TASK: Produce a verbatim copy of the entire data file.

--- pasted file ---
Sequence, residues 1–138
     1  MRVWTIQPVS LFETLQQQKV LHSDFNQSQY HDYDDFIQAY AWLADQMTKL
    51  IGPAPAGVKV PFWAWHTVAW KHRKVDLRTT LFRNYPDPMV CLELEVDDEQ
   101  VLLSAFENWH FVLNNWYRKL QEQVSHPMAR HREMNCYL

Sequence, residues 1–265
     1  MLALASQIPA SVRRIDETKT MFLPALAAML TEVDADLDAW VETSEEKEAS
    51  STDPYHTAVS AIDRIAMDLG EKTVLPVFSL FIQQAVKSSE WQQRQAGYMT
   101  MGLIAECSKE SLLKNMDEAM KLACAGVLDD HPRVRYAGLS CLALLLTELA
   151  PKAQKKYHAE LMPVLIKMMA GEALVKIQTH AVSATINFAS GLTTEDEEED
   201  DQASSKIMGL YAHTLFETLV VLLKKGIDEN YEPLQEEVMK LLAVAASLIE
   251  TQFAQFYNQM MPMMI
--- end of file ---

Sequence, residues 1–138
     1  MRVWTIQPVS LFETLQQQKV LHSDFNQSQY HDYDDFIQAY AWLADQMTKL
    51  IGPAPAGVKV PFWAWHTVAW KHRKVDLRTT LFRNYPDPMV CLELEVDDEQ
   101  VLLSAFENWH FVLNNWYRKL QEQVSHPMAR HREMNCYL

Sequence, residues 1–265
     1  MLALASQIPA SVRRIDETKT MFLPALAAML TEVDADLDAW VETSEEKEAS
    51  STDPYHTAVS AIDRIAMDLG EKTVLPVFSL FIQQAVKSSE WQQRQAGYMT
   101  MGLIAECSKE SLLKNMDEAM KLACAGVLDD HPRVRYAGLS CLALLLTELA
   151  PKAQKKYHAE LMPVLIKMMA GEALVKIQTH AVSATINFAS GLTTEDEEED
   201  DQASSKIMGL YAHTLFETLV VLLKKGIDEN YEPLQEEVMK LLAVAASLIE
   251  TQFAQFYNQM MPMMI